teristic, which every Anglican admits to be possessed by various bodies which he himself denounces as heretical. Yet even as regards this small matter, one most curious circumstance meets us in the Tract. There is no controversialist whose objections have a more peremptory claim on the attention of Anglicans, than F. Newman ; because he writes with special reference to Anglicanism, and against a theory which he himself held for many years of his life. No one would have thought it possible beforehand, that his arguments have been as simply ignored as though he had never written, and that his very name is passed over in silence. A greater compliment could not be paid to the irrefragable solidity of his reasoning.

Now for the first and third Tracts. There are two different classes of men, who may derive much theological light from ecclesiastical history, They who possess learned leisure, are able thoroughly to investigate the various facts and citations on which controversy turns; and the greater the

; number of those who do so, the better for Catholic interests. But there are many educated men, quite incompetent for this, who may nevertheless form a trustworthy judgment for themselves on the general bearing of ecclesiastical history. It is to this latter class that these Tracts purport to be addressed ; "readers who may not have time for deeper investigation”: and yet the Tracts do not touch the general features of ecclesiastical history, but are confined to those isolated passages which are only for men of learned research. How unscrupulously they handle these passages, F. Addis abundantly shows in the pamphlet to which we devote our next notice.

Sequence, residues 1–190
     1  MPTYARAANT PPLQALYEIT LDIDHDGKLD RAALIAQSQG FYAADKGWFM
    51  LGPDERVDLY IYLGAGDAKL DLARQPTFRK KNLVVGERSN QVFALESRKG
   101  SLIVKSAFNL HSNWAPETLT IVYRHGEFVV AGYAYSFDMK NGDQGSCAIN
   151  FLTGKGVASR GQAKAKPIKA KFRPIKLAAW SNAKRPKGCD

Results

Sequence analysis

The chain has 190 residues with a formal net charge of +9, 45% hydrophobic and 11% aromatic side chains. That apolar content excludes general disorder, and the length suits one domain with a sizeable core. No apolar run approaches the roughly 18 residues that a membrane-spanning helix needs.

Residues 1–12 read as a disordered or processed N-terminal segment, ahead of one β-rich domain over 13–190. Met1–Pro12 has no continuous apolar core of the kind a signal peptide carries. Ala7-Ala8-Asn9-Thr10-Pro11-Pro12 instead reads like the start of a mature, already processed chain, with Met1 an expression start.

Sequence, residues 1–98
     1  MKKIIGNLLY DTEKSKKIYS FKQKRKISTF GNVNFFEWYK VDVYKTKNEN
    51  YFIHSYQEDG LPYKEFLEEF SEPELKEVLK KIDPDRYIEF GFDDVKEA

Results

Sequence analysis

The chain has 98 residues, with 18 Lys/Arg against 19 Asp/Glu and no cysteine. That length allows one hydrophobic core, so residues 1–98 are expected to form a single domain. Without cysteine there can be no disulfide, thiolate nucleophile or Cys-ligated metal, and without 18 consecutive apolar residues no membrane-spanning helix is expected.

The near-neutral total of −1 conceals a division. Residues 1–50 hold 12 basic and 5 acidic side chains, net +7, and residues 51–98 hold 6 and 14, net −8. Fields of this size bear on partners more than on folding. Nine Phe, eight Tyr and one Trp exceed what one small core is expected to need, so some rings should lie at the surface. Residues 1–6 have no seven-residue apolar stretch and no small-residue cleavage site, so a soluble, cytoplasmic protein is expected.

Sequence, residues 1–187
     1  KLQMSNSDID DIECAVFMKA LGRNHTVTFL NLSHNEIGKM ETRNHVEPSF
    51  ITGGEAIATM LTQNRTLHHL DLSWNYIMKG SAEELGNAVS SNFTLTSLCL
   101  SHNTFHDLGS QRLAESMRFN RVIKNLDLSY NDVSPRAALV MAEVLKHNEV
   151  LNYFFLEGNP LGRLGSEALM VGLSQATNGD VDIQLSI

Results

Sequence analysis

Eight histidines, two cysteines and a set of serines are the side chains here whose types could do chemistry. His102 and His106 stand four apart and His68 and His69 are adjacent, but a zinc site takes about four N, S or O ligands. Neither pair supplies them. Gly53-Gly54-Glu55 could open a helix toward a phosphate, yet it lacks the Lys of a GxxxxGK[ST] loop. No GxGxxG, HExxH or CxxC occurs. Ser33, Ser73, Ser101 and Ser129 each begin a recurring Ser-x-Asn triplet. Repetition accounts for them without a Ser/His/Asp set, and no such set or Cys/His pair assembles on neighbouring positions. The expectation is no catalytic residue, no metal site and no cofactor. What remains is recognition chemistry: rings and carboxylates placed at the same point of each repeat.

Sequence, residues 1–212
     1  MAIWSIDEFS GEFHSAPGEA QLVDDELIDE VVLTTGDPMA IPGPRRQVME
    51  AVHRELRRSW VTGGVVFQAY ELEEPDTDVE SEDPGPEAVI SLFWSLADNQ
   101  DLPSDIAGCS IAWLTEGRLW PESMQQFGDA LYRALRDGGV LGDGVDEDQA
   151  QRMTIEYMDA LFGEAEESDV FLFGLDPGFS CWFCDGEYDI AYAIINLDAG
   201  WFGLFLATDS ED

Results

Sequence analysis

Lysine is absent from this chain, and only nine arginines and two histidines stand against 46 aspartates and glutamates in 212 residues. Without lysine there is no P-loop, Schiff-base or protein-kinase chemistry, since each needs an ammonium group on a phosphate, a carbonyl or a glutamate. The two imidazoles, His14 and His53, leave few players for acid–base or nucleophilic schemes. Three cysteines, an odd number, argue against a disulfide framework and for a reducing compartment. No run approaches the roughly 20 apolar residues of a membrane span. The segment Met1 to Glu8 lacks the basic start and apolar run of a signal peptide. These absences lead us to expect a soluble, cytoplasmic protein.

Suppose then such a reader as is professedly addressed in these Tracts, gave his mind to the issue involved: it is obvious what his first question would be. He would ask, What are the theses maintained by the respective combatants? what is that divinely-given constitution of the Church, which either party maintains to be testified by Tradition? The Roman Catholic answer is most intelligible. " The Church by divine appointment possesses corporate unity; and the means given her by God for preserving that unity, is the precept of strict union with the Holy See, imposed by Him on every baptized person.” Our inquirer next turns to the Anglican controversialists. “What then is your statement, gentlemen, as to that divinely-given constitution of the Church, which you allege to be testified by Tradition?” But not one word of reply could he obtain. Take e.g. the fundamental attribute of corporate unity. If they say that corporate unity is involved in the Church's divinely-given constitution, they ipso facto exclude themselves from the Church. If they say that corporate unity is not therein involved, they are brought into shameless contradiction with the unanimous and most express testimony of Antiquity. Let any educated man read through those impressive patristic passages on ecclesiastical unity, which Mr. Allies has brought together in his volume on "Dr. Pusey and the Ancient Church” (pp. 90-115). He begins with S. Clement, who was Pope before S. John's death, and carries the series un. interruptedly down to the time of S. Augustine. No one doctrine, so he plainly shows, more absolutely possessed the mind of the Fathers-not even the doctrine of our Lord's Incarnation and Resurrection—than the doctrine, that visible and indefectible unity is an essential attribute of the